In the near term, AI is unlikely to replace content marketers, simply make them better and more efficient. However, like community managers, content marketers must stay up to date with the latest machine learning tools in order to stay relevant and functional in their jobs.
3) Customer Service
From chat bots and smart helpdesk sourcing of solutions to actual AI bots answering calls and of course, Alexa, Cortana, Google, and Siri-enabled applications. Yes, there will be a need for real live voices, but only for the most difficult problems.
Did you know companies can integrate Amazon Alexa into their app to answer questions and help you?
Unfortunately, this is one of those areas where machine learning will create significant job loss, particularly in call centers. Expect to see customer service costs and jobs reduced significantly over the next three years.
4) Data Analyst
The data analyst, the person who combs through reports to find prescient data points, and then spits out reports for management will likely see their task automated in the very near future. Increasingly, reports will be offered by algorithms, which when steered and customized to a unique business, will eliminate much of the weekly dashboard testing.
Strong machine learning will also identify emergent trends before a human can, too. Lead scoring system Infer offers a great example of superior data analysis, identifying SQL opportunities well before the human-induced lead scoring algorithm used by most marketing automation systems.
A need remains to steer machine learning to source the right quality data points and ensure that algorithms continue to evolve and meet customer and business model changes. The more strategic data scientist(s) will be required for larger enterprises.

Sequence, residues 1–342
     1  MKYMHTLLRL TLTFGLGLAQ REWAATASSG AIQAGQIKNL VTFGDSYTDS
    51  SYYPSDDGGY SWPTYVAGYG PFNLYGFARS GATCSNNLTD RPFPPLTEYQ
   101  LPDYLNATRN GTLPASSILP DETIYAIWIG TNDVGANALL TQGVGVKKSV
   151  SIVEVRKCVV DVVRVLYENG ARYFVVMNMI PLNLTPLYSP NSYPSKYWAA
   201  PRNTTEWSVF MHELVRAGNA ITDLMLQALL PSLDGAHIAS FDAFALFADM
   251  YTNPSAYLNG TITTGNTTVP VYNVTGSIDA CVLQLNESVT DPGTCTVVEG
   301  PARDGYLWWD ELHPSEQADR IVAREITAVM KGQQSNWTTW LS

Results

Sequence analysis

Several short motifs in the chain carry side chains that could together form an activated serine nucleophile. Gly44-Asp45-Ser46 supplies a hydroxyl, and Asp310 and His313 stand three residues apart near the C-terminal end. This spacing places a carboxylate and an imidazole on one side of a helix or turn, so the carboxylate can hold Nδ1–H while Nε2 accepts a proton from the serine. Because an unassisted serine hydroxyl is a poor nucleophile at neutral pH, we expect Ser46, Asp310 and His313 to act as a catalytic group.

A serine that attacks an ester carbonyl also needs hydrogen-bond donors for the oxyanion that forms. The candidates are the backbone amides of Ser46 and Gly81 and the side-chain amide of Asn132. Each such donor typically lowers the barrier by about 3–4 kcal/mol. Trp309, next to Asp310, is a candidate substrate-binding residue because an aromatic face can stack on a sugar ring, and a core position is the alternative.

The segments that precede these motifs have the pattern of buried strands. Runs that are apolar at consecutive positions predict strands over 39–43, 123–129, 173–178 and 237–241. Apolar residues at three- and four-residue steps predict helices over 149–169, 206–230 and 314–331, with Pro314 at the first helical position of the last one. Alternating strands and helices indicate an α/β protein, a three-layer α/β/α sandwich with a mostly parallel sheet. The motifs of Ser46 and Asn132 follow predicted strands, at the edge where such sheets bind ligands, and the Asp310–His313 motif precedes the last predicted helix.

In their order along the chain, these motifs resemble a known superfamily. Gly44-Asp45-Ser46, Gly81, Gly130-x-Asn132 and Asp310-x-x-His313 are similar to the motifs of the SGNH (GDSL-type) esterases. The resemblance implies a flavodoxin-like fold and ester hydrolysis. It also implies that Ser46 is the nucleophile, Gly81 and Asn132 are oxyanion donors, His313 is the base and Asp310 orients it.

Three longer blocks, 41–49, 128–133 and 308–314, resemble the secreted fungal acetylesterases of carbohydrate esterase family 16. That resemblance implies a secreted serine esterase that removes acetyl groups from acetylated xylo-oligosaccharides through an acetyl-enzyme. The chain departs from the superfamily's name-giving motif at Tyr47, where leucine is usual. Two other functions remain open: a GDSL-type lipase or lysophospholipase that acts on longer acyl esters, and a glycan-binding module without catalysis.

In small businesses, the marketing lead will need a deeper understanding of data science to remain relevant and functional. In essence, someone needs to guide and ensure that data analyzing bots are on point and at a minimum providing useful predictive information.
5) Digital Advertising
Digital advertising is becoming a game of bots. It should be no surprise as this is where the money is at. Google leads the AI ad market with its increasingly complex machine learning-based Google Ads solution that cross pollinates multi-channels to reach customers, even on their smartphones.
As machine learning-based advertising platforms mesh with automation systems and CRM databases, marketer interactions with those systems will increasingly revolve around management. Advertising bots will take inputted spend, target audiences and initial creative and then offer machine learning suggestions. There is a great need for ethics here, as evidenced by the Cambridge Analytica scandal.
In many ways the digital advertising manager will simply approve or correct these suggestions, and then allocate resources as necessary to fulfill them. In the near term, digital advertising agencies can get a leg up on customers by mastering the latest bots and algorithms.
These are just a few of the marketing roles that AI will impact over the next few years. There’s a bot to assist almost every marketing function available now.
But is worrying about job or role replacement the best way to approach the issue? Or should we dive in and embrace the tools provided to us?